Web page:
Click here to monitor SSC

Subterranean IL: Volatile

Published 24 November 2010 1:22 pm

This time, we’ll be having a look at the volatile. prefix instruction, and one of the differences between volatile in IL and C#.

The volatile. prefix

volatile is a tricky one, as there’s varying levels of documentation on it. From what I can see, it has two effects:

  1. It prevents caching of the load or store value; rather than reading or writing to a cached version of the memory location (say, the processor register or cache), it forces the value to be loaded or stored at the ‘actual’ memory location, so it is then immediately visible to other threads.
  2. It forces a memory barrier at the prefixed instruction. This ensures instructions don’t get re-ordered around the volatile instruction. This is slightly more complicated than it first seems, and only seems to matter on certain architectures. For more details, Joe Duffy has a blog post going into the details.
For this post, I’ll be concentrating on the first aspect of volatile.

Caching field accesses

To demonstrate this, I created a simple multithreaded IL program. It boils down to the following code:

.class public Holder {
.field public static class Holder holder
.field public bool stop

.method public static specialname void .cctor() {
newobj instance void Holder::.ctor()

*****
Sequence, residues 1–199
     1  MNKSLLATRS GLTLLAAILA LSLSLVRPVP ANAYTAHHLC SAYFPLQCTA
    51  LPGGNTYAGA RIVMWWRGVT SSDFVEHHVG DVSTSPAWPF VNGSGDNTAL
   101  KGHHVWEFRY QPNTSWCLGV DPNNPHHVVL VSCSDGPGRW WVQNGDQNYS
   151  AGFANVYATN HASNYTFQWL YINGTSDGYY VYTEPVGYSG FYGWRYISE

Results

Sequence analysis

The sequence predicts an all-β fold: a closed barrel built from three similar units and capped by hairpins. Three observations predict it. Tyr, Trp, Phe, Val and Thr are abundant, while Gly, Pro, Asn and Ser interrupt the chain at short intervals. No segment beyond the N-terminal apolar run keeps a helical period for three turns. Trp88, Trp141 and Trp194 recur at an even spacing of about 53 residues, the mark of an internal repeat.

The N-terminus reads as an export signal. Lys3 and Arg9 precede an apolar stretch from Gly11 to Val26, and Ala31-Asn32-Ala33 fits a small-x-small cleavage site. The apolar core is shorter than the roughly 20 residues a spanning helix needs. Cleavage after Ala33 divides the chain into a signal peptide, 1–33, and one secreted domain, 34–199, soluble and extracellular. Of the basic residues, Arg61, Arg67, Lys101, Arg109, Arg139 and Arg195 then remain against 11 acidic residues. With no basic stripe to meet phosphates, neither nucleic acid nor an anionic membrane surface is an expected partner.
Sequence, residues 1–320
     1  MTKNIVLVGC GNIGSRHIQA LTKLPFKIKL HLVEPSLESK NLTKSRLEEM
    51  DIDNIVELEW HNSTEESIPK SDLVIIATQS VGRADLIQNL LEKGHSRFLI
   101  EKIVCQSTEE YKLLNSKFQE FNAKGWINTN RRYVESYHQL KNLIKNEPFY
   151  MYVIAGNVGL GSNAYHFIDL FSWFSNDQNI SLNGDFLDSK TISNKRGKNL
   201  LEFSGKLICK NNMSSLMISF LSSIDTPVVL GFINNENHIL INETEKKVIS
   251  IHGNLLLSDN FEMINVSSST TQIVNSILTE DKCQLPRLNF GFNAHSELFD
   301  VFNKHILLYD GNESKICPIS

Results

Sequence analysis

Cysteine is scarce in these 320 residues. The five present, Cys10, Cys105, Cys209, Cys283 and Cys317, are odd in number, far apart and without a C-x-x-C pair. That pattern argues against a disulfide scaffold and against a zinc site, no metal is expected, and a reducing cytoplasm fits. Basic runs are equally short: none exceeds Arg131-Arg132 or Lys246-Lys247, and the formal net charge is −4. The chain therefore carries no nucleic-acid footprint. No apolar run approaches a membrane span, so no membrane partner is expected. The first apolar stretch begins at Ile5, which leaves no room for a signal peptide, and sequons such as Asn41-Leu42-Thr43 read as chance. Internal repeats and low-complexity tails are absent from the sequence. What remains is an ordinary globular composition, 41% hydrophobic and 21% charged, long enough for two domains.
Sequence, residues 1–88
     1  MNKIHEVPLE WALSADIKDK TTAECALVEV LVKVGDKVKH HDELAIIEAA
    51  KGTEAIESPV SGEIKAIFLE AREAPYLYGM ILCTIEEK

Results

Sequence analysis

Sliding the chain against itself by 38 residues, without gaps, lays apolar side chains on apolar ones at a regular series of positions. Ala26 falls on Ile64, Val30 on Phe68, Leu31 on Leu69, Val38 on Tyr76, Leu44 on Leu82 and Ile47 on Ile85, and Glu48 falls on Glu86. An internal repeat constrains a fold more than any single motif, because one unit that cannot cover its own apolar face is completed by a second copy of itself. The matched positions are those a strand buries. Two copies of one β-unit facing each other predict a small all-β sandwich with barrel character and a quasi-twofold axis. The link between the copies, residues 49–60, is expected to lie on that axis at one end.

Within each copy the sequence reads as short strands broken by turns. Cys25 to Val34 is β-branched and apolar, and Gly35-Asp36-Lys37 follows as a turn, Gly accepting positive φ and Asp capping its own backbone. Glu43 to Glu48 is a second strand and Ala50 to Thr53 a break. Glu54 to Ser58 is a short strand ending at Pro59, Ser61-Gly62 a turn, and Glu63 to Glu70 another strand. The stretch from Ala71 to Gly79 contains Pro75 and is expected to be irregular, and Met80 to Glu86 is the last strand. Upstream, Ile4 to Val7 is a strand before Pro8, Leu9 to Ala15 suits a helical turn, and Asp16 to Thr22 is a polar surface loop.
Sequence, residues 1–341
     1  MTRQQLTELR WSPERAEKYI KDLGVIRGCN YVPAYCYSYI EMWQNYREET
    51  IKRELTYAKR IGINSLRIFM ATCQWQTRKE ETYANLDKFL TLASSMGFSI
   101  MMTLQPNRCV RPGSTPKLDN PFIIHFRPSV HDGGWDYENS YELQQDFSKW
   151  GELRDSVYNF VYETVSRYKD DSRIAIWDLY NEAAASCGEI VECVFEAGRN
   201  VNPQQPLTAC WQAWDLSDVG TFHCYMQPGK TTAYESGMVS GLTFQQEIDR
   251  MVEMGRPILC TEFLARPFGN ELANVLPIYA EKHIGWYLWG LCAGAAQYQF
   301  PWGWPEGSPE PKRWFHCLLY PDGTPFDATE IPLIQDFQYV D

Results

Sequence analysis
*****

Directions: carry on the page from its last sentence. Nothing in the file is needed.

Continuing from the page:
stsfld class Holder Holder::holder
ret
}
}

.method private static void Main() {
.entrypoint
// Thread t = new Thread(new ThreadStart(DoWork))
// t.Start()
// Thread.Sleep(2000)
// Console.WriteLine("Stopping thread...")

ldsfld class Holder Holder::holder
ldc.i4.1
stfld bool Holder::stop

call instance void [mscorlib]System.Threading.Thread::Join()

ret
}

.method private static void DoWork() {
ldsfld class Holder Holder::holder

// while (!Holder.holder.stop) {}
DoWork:
dup
ldfld bool Holder::stop
brfalse DoWork

pop
ret
}
If you compile and run this code, you’ll find that the call to Thread.Join() never returns – the DoWork spinlock is reading a cached version of Holder.stop, which is never being updated with the new value set by the Main method. Adding volatile to the ldfld fixes this:
dup
volatile.
ldfld bool Holder::stop
brfalse DoWork

The volatile ldfld forces the field access to read direct from heap memory, which is then updated by the main thread, rather than using a cached copy.

volatile in C#

This highlights one of the differences between IL and C#. In IL, volatile only applies to the prefixed instruction, whereas in C#, volatile is specified on a field to indicate that all accesses to that field should be volatile (interestingly, there’s no mention of the ‘no caching’ aspect of volatile in the C# spec; it only focuses on the memory barrier aspect). Furthermore, this information needs to be stored within the assembly somehow, as such a field might be accessed directly from outside the assembly, but there’s no concept of a ‘volatile field’ in IL! How this information is stored with the field will be the subject of my next post.

Leave a Reply